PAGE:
|Title||Mechanisms of plant succession in coastal Lake Michigan sand dunes|
|Year of Publication||1995|
|Degree||Doctor of Philosophy|
|Number of Pages||252 pp.|
|University||University of Minnesota|
|City||Saint Paul, MN|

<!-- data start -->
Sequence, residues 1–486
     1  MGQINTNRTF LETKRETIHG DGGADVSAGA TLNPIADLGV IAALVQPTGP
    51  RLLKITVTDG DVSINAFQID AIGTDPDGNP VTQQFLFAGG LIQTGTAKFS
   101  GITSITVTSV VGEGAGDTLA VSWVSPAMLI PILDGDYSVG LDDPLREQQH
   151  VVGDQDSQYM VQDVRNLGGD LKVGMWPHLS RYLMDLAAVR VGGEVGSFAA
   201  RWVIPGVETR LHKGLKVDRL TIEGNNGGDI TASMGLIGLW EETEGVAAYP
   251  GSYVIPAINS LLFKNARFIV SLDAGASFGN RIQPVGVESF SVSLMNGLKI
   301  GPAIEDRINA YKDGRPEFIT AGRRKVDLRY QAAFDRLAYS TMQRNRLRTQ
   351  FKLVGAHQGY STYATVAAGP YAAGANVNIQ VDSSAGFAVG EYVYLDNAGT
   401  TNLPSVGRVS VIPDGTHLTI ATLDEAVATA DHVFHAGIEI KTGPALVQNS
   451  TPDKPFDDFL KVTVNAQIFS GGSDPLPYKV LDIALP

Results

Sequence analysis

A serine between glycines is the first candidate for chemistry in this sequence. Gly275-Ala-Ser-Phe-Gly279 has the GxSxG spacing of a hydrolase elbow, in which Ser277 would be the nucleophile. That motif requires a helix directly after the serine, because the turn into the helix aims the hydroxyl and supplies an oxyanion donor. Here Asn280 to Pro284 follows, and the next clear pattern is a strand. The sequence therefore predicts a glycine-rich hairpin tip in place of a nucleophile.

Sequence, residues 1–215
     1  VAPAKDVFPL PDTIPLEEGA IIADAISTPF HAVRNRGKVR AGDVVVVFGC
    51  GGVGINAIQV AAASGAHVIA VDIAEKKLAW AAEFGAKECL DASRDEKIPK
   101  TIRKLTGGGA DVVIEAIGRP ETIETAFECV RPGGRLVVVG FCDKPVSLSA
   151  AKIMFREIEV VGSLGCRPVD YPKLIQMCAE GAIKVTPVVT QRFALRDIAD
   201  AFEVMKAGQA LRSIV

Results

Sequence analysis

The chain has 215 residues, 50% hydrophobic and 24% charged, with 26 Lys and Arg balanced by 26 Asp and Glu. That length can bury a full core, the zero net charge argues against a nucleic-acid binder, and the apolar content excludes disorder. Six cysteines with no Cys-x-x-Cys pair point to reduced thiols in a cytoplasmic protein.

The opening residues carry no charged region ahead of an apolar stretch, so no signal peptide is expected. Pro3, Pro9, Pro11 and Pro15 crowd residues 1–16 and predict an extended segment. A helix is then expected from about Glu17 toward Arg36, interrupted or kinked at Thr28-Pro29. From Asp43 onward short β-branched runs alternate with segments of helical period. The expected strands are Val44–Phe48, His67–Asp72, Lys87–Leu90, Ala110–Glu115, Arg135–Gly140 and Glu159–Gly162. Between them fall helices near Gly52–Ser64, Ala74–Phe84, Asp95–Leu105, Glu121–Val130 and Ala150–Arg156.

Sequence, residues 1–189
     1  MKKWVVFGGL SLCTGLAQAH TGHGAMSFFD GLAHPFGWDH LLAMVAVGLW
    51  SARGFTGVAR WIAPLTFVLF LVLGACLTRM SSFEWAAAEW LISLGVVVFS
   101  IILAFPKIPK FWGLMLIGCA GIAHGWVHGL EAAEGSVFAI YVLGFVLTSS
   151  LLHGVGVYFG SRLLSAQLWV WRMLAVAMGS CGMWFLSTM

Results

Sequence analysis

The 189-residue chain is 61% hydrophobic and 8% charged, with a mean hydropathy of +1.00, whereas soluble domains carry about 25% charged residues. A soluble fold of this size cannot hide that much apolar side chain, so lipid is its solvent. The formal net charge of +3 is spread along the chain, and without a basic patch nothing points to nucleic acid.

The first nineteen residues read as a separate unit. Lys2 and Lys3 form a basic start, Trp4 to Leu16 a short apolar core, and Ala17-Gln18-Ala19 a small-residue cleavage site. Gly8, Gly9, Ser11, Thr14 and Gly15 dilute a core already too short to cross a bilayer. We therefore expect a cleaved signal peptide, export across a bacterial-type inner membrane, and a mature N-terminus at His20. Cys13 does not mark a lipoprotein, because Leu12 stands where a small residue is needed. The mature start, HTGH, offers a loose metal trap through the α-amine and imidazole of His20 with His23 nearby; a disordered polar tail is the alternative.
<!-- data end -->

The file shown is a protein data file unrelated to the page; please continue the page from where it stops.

Primary plant succession and forest ecosystem development were investigated in a comprehensive study of a beach-ridge chronosequence bordering northern Lake Michigan. A chronology of ridge formation, developed with AMS radiocarbon dates of plant macrofossils, showed that approximately 108 beach ridges formed over the past ~3500 years, averaging one ridge formed every 33 years. This high rate of ridge formation resulted in clear patterns of primary plant succession and of successional change in aboveground biomass, primary production, species diversity, and soil properties. Observational evidence indicates that plant survival, reproduction, and growth at the site might be reduced by physical stress related to sand burial, low availability of soil nitrogen, or colonization constraints in early succession and by competition for light, competition for soil resources other than nitrogen, and recruitment limitation in late succession. In addition to two classic tradeoff hypotheses of succession, three other tradeoff hypotheses were formulated and tested in field experiments. The five tradeoff hypotheses are: (1) physical stress vs. competition, (2) competition for soil nitrogen vs. competition for light or for soil resources other than nitrogen, (3) colonization constraints vs. competition, (4) growth rate vs. competition, and (5) herbivory vs. competition tradeoffs. The results of seedling-transplant and seed-addition experiments indicate that colonization vs. competition is the prevalent tradeoff faced by plants during succession and that physical stress related to sand burial vs. competition is an important tradeoff in early succession. In addition to studies of plant succession, I reconstructed a history of lake-level and regional climatic variability based on differences in dune morphology. The shore-parallel beach ridges were constructed during episodes of falling and low lake level associated with regional drought, and parabolic dunes devloped during episodes of unusually high lake level when wave erosion destablized established beach ridges. Surprisingly, parabolic dunes developed only during the 100-480 year time intervals of most frequent ridge formation and drought. This association suggests that these time intervals experienced increased variability in regional water balances, with unusually moist decades alternating with unusually dry decades, and with the time intervals of less frequent ridge formation lacking evidence of high lake level experienced less variability.